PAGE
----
Model-based reinforcement learning (MBRL) is an iterative framework for solving tasks in a partially understood environment. There is an agent that repeatedly tries to solve a problem, accumulating state and action data. With that data, the agent creates a structured learning tool -- a dynamics model -- to reason about the world. With the dynamics model, the agent decides how to act by predicting into the future. With those actions, the agent collects more data, improves said model, and hopefully improves future actions.

Academic version: 

Model-based reinforcement learning (MBRL) follows the framework of an agent interacting in an environment, learning a model of said environment, and then leveraging the model for control. Specifically, the agent acts in a Markov Decision Process (MDP) governed by a transition function xt+1 = f (xt , ut) and returns a reward at each step r(xt, ut). With a collected dataset D :={ xi, ui, xi+1, ri}, the agent learns a model, xt+1 = fθ (xt , ut) to minimize the negative log-likelihood of the transitions. We employ sample-based model-predictive control (MPC) using the learned dynamics model, which optimizes the expected reward over a finite, recursively predicted horizon, τ, from a set of actions sampled from a uniform distribution U(a), (see paper or paper or paper).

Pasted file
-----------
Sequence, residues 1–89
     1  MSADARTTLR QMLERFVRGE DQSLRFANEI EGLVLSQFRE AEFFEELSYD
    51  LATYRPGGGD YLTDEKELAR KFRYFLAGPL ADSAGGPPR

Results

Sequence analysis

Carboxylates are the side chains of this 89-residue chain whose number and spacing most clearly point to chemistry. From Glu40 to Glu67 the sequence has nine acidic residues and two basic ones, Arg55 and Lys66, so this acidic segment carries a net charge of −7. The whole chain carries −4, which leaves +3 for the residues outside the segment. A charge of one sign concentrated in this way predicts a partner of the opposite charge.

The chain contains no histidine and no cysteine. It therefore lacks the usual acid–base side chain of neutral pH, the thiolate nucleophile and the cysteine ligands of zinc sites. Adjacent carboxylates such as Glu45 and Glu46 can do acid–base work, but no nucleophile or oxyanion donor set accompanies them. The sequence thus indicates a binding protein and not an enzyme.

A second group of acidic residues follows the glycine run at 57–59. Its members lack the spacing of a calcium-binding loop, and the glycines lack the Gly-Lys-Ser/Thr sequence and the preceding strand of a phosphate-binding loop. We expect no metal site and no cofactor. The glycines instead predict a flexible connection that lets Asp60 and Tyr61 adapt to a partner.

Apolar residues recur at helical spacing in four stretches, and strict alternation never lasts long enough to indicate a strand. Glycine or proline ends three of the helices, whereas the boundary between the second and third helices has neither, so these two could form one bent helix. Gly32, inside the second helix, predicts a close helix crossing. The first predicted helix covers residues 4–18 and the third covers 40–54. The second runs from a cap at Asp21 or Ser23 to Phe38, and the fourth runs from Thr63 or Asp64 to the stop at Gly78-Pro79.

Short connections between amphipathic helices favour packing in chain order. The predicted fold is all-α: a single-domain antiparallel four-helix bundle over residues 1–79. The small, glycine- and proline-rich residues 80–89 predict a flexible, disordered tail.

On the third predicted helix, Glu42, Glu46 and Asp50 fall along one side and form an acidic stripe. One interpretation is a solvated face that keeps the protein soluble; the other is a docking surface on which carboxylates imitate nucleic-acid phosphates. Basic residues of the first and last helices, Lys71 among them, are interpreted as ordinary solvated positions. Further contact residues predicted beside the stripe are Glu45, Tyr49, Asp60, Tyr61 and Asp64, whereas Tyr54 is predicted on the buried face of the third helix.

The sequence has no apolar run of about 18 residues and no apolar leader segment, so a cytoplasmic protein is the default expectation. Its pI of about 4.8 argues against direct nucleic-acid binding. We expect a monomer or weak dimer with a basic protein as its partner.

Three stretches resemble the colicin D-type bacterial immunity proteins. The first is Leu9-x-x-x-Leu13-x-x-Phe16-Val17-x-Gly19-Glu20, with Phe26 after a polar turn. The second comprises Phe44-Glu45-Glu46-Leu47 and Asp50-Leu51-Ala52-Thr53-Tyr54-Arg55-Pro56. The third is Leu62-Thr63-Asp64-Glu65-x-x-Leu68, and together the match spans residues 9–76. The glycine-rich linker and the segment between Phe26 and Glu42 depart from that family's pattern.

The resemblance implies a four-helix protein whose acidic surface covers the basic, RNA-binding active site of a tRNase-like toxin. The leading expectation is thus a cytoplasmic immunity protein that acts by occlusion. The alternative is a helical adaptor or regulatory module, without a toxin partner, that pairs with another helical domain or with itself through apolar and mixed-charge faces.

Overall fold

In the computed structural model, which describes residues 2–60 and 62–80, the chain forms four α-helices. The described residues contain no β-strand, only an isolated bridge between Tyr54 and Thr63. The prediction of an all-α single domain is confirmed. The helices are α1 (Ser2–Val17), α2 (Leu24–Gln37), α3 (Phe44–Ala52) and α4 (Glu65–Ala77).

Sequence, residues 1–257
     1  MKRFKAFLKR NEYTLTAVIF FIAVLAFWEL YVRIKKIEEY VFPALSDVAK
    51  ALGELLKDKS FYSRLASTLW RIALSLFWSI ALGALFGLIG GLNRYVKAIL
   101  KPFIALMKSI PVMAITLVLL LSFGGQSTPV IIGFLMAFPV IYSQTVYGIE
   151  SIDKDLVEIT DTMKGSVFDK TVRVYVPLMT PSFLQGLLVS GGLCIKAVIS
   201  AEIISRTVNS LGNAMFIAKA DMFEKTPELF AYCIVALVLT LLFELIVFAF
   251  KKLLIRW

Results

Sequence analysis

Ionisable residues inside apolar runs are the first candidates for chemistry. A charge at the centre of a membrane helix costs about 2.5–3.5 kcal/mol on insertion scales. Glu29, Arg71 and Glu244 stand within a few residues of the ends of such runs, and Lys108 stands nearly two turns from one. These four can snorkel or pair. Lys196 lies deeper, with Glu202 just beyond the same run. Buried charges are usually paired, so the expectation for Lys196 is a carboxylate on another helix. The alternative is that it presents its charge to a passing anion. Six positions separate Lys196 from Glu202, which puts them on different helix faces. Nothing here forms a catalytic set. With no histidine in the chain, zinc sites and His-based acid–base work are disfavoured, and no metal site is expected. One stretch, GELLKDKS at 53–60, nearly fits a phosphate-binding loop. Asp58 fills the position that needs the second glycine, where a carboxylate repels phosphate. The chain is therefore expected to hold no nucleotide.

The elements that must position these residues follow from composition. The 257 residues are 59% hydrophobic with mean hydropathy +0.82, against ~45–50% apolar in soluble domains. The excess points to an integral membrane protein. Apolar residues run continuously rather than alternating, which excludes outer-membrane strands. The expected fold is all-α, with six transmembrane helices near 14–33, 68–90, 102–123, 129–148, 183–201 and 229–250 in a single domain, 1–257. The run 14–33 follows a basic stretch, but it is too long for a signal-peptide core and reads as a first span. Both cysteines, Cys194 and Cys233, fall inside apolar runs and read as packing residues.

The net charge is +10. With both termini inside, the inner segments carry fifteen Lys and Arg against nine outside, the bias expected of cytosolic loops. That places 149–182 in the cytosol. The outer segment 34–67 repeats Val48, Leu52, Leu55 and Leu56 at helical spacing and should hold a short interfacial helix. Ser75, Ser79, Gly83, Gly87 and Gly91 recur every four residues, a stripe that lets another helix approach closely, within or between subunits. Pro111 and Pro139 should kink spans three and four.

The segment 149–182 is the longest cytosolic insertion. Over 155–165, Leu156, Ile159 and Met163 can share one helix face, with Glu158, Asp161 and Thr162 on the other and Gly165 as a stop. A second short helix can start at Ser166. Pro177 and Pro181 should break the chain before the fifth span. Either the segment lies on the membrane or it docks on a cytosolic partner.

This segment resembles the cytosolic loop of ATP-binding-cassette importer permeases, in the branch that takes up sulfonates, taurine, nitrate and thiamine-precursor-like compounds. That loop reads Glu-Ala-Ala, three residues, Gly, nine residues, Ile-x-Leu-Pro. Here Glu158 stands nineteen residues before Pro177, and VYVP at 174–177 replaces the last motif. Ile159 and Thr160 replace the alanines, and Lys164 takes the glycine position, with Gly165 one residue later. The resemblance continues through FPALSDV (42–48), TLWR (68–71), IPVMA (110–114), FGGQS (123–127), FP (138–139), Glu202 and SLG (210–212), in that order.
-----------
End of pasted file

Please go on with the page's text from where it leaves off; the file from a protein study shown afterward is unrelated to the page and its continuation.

The Ubiquity of Model-based Reinforcement Learning

This section is based of the (suitably named) paper from neuroscience making a case that model-based learning is more prevalent in biology than it’s model-free counterpart. This section is also very well-placed for someone who was trained in reinforcement learning broadly from the optimal control side of things (Bellman updates) and wants to know how the neuroscience communities frames the iterative learning problems.